Hope some of these tips and info have helped! If you have got a puppy from us or are going to soon, ask us questions anytime, we will always do our best to help get some answers for you!

Are Deposits Refundable?

Are deposits sent to us refundable?

Any deposit sent to us is not refundable. The reason for taking a deposit is for us to hold your puppy specifically for you and no one else. The only way a deposit is refundable is if something happens on our side that is our fault, and decided our fault by us. The fee to join our waiting list an any deposit put toward any puppy are 100% non refundable.

The reason deposits are not refundable is because of the time we will spend answering your questions, sending updates pictures as much as we can, starting paperwork in your name, and telling other families that they have to wait until a litter later in the year to get a puppy for their own family, & other reasons. With all due respect to you, PLEASE do not put down a deposit until you are 10000% sure that you are ready for a puppy.

What if we want a puppy from you at a later date? If you want a puppy from us at a later date we will happily honor half of the total deposit toward the puppy toward another puppy at a later date. Example: if your deposit of $200 was placed toward a current puppy, if for some reason you have to back out but want a puppy from us at a later date, we will honor $100 to a puppy at a later date.

If you have ANY questions feel free to reach out to us at anytime!

Deposits are non refundable

Preventing Dog Ear Infections, How Common Are They & How To Treat Dog Ear Infections

Preventing Dog Ear Infections, How Common Are They & How To Treat Dog Ear Infections


Ear infections in dogs are not all that uncommon, and they are very much treatable, however if your dog does have an ear infection, you do want to get it treated as soon as possible so damage to your dogs ears do not occur as well as the longer you take to fix it, the longer your dog will feel miserable or be in pain.
If you are human, I am sure you have had an ear infection probably at least once in your life, and some of us more than once! If you are lucky enough to of never had one – consider yourself lucky! Whether you are a human or a dog – the ears need to be clean to prevent infections from happening, not only is it not fun for your dog but each time your dog gets an ear infection and you need to have it treated – those costs will add up quite a bit pretty quickly!
If your dog’s ears look nasty, one thing you can try pretty easily first at home is by taking a washcloth, or cotton ball with mineral oil and gently try wiping out your puppy’s ears, going no deeper than the first bend on your finger (typically 1-inch MAX or less)
“Ear Mites” are a common cause to your dog having an ear infection, mites plus an ear infection = more mites and worse ear infections and it will keep getting worse until you take care of the problem. Watch for your puppy scratching his/her ears, or even just not acting like normal. Check the ears!

I suspect my dog has an ear infection, but how do I know if my dog has an ear infection?

There are a few questions you must ask yourself that will help you find out or not.
1. When is the last time your dog’s ears were cleaned?
If you have not cleaned your dog’s ears in quite some time, the possibility of them having an ear infection is much higher.
2. Do your dog’s ears look healthy, pink and clear of dirt?
If your pups ears look clean and healthy as far down as you can see, that is great!
3. Do your dog’s ears have a foul smell?
Your dog’s ears should not have any nasty smell coming from them if they do then your dog most likely 99% of the time has an ear infection!
4. My dog’s ears smell fine, look fine, and I keep up with cleaning them or having a professional clean them, but I still suspect an ear infection or something wrong with my dog’s ears! Now what?!
When in doubt, put the safety and health of your dog first, take them to your local licensed veterinarian and have your dog checked out!
So… What is the best way to prevent your dog from getting an ear infection? The answer is simply to do your best to keep your dog’s ears clean as good as you can, and also keeping up on some kind of dog ear mite medicine! Prevention for anything is always BEST & CHEAPER for you and your dog compared to treatment!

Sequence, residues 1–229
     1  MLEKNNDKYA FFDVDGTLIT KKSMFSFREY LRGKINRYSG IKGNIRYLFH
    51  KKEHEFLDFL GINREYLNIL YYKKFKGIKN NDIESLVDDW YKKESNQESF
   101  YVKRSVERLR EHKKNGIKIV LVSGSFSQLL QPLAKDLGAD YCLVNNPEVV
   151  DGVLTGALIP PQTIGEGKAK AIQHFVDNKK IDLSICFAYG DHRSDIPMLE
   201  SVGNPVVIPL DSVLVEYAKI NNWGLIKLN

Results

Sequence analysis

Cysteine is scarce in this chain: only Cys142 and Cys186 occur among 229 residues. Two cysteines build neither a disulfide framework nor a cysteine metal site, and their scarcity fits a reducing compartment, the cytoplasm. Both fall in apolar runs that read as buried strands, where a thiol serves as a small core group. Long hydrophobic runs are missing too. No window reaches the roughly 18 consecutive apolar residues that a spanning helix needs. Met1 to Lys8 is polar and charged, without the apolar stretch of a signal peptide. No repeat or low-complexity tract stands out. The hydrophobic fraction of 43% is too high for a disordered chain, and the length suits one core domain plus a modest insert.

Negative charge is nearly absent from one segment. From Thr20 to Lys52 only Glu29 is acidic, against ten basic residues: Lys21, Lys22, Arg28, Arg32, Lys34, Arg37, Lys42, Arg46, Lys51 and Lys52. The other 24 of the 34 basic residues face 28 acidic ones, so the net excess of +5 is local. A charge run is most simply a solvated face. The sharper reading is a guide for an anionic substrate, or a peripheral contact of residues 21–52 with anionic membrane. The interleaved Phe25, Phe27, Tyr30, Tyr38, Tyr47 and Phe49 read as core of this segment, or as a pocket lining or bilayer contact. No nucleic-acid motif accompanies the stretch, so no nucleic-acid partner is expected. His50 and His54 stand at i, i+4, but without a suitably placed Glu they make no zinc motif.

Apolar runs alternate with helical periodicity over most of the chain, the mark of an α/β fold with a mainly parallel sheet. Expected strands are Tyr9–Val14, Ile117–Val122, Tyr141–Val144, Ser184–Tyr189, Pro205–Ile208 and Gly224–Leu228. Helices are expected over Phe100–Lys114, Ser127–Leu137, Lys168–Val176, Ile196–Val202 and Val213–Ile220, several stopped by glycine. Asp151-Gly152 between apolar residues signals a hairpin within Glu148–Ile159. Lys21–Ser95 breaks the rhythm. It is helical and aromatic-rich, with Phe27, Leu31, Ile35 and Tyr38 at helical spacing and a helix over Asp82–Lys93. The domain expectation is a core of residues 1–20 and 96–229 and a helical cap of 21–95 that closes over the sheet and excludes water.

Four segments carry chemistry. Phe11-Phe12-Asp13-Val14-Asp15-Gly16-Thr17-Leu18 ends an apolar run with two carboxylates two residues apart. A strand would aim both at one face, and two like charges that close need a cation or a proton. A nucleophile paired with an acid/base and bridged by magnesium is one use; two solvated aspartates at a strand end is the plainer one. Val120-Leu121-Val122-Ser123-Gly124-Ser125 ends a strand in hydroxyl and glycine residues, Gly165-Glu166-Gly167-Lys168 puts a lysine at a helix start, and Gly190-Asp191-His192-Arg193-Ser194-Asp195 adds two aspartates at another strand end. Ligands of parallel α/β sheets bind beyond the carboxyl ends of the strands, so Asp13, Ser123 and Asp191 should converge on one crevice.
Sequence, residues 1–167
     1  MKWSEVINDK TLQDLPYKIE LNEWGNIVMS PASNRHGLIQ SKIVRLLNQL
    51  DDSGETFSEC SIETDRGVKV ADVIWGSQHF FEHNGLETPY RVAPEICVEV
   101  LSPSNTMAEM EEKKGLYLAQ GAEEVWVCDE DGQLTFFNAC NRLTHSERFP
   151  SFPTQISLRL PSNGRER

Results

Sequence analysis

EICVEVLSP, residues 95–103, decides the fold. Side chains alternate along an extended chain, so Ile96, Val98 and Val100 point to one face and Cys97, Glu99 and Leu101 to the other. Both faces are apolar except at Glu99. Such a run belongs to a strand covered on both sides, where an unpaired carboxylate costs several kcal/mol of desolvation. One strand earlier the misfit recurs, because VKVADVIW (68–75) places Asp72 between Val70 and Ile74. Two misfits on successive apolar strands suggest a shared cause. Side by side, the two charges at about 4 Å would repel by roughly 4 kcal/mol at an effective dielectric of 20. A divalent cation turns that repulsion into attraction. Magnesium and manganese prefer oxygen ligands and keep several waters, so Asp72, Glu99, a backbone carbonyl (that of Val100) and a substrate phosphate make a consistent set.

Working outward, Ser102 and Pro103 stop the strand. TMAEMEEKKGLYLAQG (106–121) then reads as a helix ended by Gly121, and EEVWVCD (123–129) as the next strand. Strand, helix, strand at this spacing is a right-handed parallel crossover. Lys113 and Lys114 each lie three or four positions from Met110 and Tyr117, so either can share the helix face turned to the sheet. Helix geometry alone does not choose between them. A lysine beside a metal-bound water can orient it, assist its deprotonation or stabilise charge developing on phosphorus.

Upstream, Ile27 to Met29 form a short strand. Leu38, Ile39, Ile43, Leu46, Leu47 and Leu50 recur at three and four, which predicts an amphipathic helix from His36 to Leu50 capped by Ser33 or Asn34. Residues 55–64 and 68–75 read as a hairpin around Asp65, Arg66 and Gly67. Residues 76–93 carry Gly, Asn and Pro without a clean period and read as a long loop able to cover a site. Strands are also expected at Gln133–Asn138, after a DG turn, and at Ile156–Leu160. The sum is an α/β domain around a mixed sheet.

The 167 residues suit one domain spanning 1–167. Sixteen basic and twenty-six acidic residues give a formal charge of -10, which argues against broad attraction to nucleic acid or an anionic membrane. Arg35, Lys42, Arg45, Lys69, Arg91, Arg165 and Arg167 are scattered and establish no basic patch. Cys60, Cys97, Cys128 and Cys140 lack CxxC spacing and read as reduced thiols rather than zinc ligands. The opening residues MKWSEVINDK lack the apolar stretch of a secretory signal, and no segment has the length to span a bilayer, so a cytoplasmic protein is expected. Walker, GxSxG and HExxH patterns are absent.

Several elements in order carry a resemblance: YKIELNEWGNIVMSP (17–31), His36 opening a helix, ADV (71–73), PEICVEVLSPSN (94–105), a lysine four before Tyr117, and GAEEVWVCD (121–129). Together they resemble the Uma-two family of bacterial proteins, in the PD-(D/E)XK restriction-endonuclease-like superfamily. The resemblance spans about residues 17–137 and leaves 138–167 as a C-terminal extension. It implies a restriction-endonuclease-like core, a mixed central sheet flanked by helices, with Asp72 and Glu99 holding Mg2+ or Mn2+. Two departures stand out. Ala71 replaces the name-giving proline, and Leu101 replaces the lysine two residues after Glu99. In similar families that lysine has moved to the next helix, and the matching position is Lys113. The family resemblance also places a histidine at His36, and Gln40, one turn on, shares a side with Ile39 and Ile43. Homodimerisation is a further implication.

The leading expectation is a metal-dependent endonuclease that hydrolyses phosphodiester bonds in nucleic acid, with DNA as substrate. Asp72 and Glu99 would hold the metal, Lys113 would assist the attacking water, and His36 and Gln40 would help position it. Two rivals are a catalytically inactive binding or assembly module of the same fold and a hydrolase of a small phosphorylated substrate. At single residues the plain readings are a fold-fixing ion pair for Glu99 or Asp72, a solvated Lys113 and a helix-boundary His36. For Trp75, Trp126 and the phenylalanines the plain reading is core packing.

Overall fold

If you do not feel comfortable cleaning your dog’s ears, or you do not know how, as your local vet or find a reputable dog breeder that can show you how if you would like to learn, if not, you need to find someone to help you clean your dogs ears and try to do it on a monthly basis or every few months at least!
At your local pet store, big box store, or even at your vet – there are many very affordable products that help with the early treatment and prevention of ear mites, as well as things to help you keep your pups ears clean! If you keep your dog’s ears clean, and free of mites, you should not have any ear infection problems in your future!

If you got your puppy from us and ever have any questions or need any tips, we are always a phone call or text away from giving you the best advice that we can! 

How Do I Trim My Dog’s Nails & How Often Should They Be Trimmed?

How Do I Trim My Dog’s Nails & How Often Should They Be Trimmed?

So, how often do I need to trim my dog’s nails? This is a question many ask, but there is no exact answer for all dogs. There are many things that can make the answer to this differently. The dog food your dog eats, different surfaces your dog is on, does your dog dig, what breed/size is your dog?
Depending on all of that, that gives you a wide range, anywhere from 1 – 4 months on average! If you dog digs or scratches a lot as some dogs do on harder surfaces, they are naturally wearing down their nails on their own so little trimming will be required.
Certain ingredients in dog food may also contribute to your dog’s nails growing faster than other dogs, as well as the breed of your dog, some dogs nails tend to grow not much at all, and some dogs nails seem to grow super fast!
There are tons of online videos that show you how to carefully and properly cut your dog’s nails! You can also see if your vet or a local groomer would be willing to teach you if you already give them a lot of business and not trying to be a “freeloader” they will typically be more than happy to teach you! As a breeder, if you have got your puppy from us, we will be more than happy to show you how or give you tips!
They sell very nice dog nail clippers that make cutting dogs nails a breeze these days! There is a chart below that has some more details on how short to cut your dogs nail without hurting your dog and causing damage, it is very important not to cut too short, but to cut enough to where you are actually making progress!

This video below is great for helping you learn how to cut your pups nails at home carefully!